(Bloomberg) -- Guatemalan authorities are seeking to revoke Bernardo Arévalo’s immunity from criminal prosecution, a move denounced by the president-elect and putting him at risk of arrest as he prepares to take office in January.
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The allegations were swiftly condemned the US government, which said it will impose sanctions on those who interfere with the transition of power.
Prosecutor Angel Saul Sanchez alleged Thursday that Arévalo — an anti-corruption crusader — had knowledge of a violent takeover of Guatemala’s University of San Carlos, and that his political party Semilla used campus buildings to plan its 2023 presidential campaign.
Groups of students and professors invaded the campus in 2022 and 2023, causing $11 million in property damage, Sanchez told reporters. The prosecutor said the vice-president-elect, Karin Herrera, was on site when a car was burned and that Arévalo, a congressman, was present while illegal groups were running the university.
Arévalo criticized the investigation and said his party will take legal action against prosecutors’ allegations. He said the probe is driven by “a small group of corrupt officials” and insisted that “we will assume the presidency in January.”
“Guatemalan institutions are in crisis,” Arévalo told supporters outside the courts Thursday. “Democracy in Guatemala is endangered, but we won’t let these actions impede January 14,” when he is set to take office.
The case is “completely made up, with the goal of intimidating” the party and scaring street demonstrators who have protested probes of Semilla, congressman Samuel Perez said in response to questions. A former Semilla congressional candidate, who had criticized government corruption, was among those arrested, Perez said.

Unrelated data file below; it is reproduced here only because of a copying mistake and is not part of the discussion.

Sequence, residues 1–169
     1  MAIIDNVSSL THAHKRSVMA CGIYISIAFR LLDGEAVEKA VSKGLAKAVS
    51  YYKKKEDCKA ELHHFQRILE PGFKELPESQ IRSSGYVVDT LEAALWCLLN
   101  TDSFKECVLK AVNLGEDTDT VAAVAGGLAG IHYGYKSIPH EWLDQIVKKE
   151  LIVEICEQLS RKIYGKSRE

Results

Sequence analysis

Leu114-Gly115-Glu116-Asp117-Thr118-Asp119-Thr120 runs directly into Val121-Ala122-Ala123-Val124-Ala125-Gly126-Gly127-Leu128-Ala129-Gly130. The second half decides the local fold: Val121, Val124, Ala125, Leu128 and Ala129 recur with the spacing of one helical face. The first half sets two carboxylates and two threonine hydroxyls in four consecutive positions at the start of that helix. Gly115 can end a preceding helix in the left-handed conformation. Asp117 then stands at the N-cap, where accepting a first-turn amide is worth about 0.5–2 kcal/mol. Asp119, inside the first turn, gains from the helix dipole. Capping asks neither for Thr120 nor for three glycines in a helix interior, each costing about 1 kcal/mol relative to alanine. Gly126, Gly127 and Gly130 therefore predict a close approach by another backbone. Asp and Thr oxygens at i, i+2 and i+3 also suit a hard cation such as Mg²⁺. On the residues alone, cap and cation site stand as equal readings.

Sanchez said prosecutors have obtained arrest warrants for 27 people so far in this case, and that police raided homes on Thursday morning searching for evidence.
“These people used their public office to take over the university in an illicit manner,” Sanchez said, adding that prosecutors will also seek to revoke Herrera’s immunity from prosecution.
The request will be sent to the courts. If they approve the request, it will be sent to congress where legislators must form a committee to investigate the charges. The legislature would then hold a vote on whether or not to revoke Arévalo’s immunity. If it is revoked, he could be arrested to face charges.
A day earlier, congress elected new judges for the country’s courts and began proceedings to revoke immunity from electoral authority magistrates who certified Arévalo as president-elect in August. Protesters who allege the new judges are corrupt clashed with police outside congress Wednesday night. Officers in riot gear formed a perimeter around the legislature Thursday.
The Biden administration is monitoring developments closely, warning against any attempt to prevent prevent Arévalo from taking office.
Such “destabilizing actions pose a threat not only to the Guatemalan people but to regional peace and security,” Brian Nichols, the assistant US secretary of state for Western Hemisphere affairs, said Wednesday on X, formerly known as Twitter.
Nicholas said in a statement Thursday the U.S. government is preparing sanctions against those in Guatemala who interfere with a peaceful transition of power.
“Bernardo Arevalo is going to take office as president of Guatemala,” Nicholas said. “The efforts to impede a democratic transition are unacceptable.”
(Updates with response from Arevalo and US government)
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